I'm not advocating for titles here but challenging us to live into the idea that we have an apostolic calling as followers of Christ.  

What does this mean to you?  

What does it mean to me?  

If I understand that I am an apostle, does it change the way I do my work at my workplace?  In my home? In my community?  What does maturity look like in this particular gift?

My goal in this series of writings is not to provide answers but rather to ask questions; questions that hopefully lead us to thinking thorough our own answers in our own context.  

Next week, prophets!

Monday, August 14, 2023

Ephesians 4:11-13 - Equipping the Saints

What is the church? And what is the purpose of the church?

These are questions that we ask time and again, when speaking to pastors and church leaders.  While we often receive a variety of answers, there is general consensus that the church is the people of God, the "called out ones" (ecclesia), and that the purpose of the church is to "equip the saints for the work of the ministry."

This "purpose" comes from Ephesians 4:11-13 (NLT):  11 Now these are the gifts Christ gave to the church: the apostles, the prophets, the evangelists, and the pastors and teachers.  12 Their responsibility is to equip God's people to do his work and build up the church, the body of Christ.  13 This will continue until we all come to such unity in our faith and knowledge of God's Son that we will be mature in the Lord, measuring up to the full and complete standard of Christ.

Understanding of purpose of the church is critical for how we do church.  If we get the purpose wrong, we are not able to fulfill the purpose.

If we believe the purpose of the church is to worship together (a commonly given answer), then we run the risk of reducing worship to only one morning per week and no transformational power of the people of God outside the building.  

If we believe the purpose of the church is to fellowship together and learn about God, we run the risk of being a social club that knows the Bible very well, but without transformational power.  There is this saying: "Satan doesn't care if you read your Bible and go to church, as long as you don't apply it to your life."

Ephesians 4:12 and 13 tells us that the people of God are to be equipped to do his work and build up the church (the people).  Where do we do His work?  Not in the building (although a few are called to do it there) but outside the building.  As we are built up, we come to unity of faith and knowledge of God's Son SO THAT WE WILL BE MATURE, measuring up to the full and complete standard of Christ.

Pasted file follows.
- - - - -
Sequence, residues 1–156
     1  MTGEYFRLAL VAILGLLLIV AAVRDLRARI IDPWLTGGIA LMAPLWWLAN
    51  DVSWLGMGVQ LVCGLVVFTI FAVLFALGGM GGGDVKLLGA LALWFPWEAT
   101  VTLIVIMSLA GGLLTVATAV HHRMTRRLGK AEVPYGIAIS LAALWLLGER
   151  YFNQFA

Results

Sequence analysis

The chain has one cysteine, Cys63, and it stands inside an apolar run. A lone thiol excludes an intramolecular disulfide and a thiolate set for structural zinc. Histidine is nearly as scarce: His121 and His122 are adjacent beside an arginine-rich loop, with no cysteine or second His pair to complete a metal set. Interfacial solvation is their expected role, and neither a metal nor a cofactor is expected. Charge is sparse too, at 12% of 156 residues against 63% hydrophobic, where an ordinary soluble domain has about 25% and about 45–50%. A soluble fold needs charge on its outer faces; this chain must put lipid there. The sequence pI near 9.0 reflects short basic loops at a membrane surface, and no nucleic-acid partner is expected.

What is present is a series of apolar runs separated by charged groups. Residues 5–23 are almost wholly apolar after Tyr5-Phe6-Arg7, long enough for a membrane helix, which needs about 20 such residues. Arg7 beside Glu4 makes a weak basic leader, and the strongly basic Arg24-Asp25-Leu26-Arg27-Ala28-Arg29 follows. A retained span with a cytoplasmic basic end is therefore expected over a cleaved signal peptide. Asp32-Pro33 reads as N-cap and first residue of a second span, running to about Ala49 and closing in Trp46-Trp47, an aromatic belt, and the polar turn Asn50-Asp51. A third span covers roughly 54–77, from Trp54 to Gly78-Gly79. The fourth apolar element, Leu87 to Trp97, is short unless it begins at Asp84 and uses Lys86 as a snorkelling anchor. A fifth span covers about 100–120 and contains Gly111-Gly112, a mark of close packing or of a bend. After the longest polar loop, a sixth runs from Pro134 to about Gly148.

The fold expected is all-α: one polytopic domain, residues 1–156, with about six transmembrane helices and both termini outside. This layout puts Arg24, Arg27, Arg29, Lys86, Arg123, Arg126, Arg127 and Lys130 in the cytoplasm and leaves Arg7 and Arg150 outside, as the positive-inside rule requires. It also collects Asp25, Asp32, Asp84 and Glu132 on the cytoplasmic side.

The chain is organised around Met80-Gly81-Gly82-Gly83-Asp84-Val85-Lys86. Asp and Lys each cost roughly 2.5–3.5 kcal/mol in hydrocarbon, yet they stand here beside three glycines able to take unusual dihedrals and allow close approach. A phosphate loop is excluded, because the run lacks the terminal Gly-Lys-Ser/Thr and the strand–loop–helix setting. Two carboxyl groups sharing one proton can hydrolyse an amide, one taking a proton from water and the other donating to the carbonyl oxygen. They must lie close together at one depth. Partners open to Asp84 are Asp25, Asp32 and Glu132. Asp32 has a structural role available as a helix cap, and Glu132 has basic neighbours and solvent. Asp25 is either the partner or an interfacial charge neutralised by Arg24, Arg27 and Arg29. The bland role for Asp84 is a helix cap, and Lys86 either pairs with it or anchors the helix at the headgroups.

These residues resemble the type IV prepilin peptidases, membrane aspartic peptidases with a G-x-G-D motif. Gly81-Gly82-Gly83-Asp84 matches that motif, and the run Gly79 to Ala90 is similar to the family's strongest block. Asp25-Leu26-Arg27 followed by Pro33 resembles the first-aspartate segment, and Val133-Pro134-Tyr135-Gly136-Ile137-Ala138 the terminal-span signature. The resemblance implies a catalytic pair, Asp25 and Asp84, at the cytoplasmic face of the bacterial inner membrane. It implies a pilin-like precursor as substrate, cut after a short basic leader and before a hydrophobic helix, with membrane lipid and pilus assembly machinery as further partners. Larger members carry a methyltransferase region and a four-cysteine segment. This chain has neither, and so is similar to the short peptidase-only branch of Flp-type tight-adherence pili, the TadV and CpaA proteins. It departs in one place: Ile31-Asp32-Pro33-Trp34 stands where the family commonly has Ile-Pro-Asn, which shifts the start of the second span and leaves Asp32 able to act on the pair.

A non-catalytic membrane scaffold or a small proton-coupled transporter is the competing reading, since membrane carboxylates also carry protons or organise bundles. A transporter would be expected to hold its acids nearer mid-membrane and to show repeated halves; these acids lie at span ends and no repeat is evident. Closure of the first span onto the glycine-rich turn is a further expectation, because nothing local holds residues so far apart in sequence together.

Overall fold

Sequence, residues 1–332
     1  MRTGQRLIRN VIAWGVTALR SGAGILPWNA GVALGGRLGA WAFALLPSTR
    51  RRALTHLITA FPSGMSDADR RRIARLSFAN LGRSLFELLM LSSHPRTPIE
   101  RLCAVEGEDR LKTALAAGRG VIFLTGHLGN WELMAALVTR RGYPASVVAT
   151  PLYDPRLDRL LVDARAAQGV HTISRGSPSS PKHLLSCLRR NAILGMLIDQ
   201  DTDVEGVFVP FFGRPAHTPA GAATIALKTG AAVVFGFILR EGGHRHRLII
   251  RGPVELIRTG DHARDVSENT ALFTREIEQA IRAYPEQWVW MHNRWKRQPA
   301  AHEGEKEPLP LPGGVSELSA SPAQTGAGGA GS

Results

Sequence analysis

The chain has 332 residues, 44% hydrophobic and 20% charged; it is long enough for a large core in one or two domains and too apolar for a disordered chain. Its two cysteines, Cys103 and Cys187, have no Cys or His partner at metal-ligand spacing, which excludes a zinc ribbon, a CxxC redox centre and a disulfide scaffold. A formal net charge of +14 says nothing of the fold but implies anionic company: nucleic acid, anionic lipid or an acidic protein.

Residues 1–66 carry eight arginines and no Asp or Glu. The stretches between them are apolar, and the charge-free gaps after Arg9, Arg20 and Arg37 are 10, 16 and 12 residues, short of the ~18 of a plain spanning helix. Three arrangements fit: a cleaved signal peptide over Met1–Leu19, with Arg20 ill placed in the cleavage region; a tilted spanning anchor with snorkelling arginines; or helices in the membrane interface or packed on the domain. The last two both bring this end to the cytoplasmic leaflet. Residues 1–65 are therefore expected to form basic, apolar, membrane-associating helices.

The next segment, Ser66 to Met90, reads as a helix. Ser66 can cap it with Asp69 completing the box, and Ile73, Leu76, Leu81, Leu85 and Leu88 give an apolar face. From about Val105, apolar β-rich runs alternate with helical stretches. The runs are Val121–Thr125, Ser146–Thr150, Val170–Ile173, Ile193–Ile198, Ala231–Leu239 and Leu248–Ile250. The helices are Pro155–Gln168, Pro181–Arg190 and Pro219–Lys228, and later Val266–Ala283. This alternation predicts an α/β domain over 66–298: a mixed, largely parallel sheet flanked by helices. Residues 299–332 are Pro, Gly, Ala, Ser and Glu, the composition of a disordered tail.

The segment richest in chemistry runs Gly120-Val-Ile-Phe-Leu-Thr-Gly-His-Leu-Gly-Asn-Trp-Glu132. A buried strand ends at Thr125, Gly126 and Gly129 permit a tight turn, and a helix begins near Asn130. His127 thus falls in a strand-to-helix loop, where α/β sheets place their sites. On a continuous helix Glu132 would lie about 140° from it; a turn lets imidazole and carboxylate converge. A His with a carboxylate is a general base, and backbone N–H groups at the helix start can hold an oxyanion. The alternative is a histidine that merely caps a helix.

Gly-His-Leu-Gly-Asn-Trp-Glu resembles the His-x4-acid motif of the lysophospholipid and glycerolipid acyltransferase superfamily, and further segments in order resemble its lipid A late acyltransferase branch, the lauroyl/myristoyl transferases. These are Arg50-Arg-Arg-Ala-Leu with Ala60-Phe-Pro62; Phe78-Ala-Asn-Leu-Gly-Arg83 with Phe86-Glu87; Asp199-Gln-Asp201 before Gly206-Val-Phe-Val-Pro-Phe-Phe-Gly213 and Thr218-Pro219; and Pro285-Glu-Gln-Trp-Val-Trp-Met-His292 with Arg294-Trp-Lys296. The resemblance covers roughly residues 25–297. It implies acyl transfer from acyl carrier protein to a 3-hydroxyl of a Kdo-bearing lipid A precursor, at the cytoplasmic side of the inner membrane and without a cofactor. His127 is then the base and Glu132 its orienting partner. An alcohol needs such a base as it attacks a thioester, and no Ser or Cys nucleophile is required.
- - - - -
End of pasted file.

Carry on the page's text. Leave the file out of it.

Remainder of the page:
Each Christ-follower is to be mature, measuring up to the standard of Christ, able to stand confident in all places of darkness to be salt, light and leaven. Each Christ-follower is to be a saint, ambassador, and priest in the parish God has granted them.

That's the goal.  That's the purpose of why we gather on Sundays.  The purpose of Sunday is Monday.  That transformation must be seen, especially in nations that are majority Christian. Sunday is the only day that the church is closed as we gather for our team meeting - a team huddle - where we lament what happened during the week - where we celebrate the good that we've seen - where we are reminded of our purpose, and we are taught how to fulfill it when we leave the building.

In "team" terms, pastors are coaches and every member is a player.

But I have been thinking about verse 11 for the past number of months, which is often referred to as the "five-fold ministry."  In this text, we read that God gave gifts to the church: apostles, prophets, evangelists, pastors, and teachers.  

For much of my life, I read those words as offices.  In fact, I know many people who are affectionately called "Pastor ___" and that title shows up in their email and other places.  It is who they are.  In Kenya, teachers are called Mwalimu and I was often called "Mwalimu Renita."  I know people who are called Apostle ____ and Prophet ____.

But that has been changing for me, and I'm beginning to read these gifts not as titles or offices, but rather as skill-sets designed for ALL Christians.  

I used to hang my hat on being a teacher, which then allowed me to disqualify myself from the others.  I could say, "I'm not an evangelist.  I'm not a prophet.  I'm not a pastor."  But I realized that that is a bit too easy.

This rethinking of these terms started for me with my dear Aunt Jannie.  She is incredibly hospitable and one day at her house, I made a comment (which I have made many, many times in my life, especially as a strong introvert) and she immediately challenged me on it.  I said, "I don't have the gift of hospitality."  In her wise and gentle way, she said, "Well, it's not really something we can opt out of though, is it?"  Ouch.  Right to the heart.  Since then, whenever I've thought that, I had to tell myself that it isn't an option to not be hospitable.  I must learn to grow in hospitality.  And my aunt has taught me, as have many others.  

And so I'm going to spend a few blogs looking at each of these recommended skill sets and try to unpack what it means for each of us to learn to grow in the capacity of each of these gifts.  

I hope you will journey with me.

And thanks for reading.  It may make you uncomfortable, and for that, I share the following (sent to me by another mentor, Lou Haveman):

St. Francis Prayer… Reversed

Lord, make me a channel of disturbance.  Where there is apathy, let me provoke, where there is compliance, let me bring questioning, where there is silence, may I be a voice.

Where there is too much comfort and too little action, grant disruption.  Where there are doors closed and hearts locked, grant the willingness to listen.

When laws dictate and pain is overlooked, when tradition speaks louder than need; grant that I may seek and do justice rather than to talk about it.

Disturb me, O Lord. To be with, as well as for, the alienated, to love the unlovable as well as the lovely.  Lord, make me a channel of disturbance.  

Author Unknown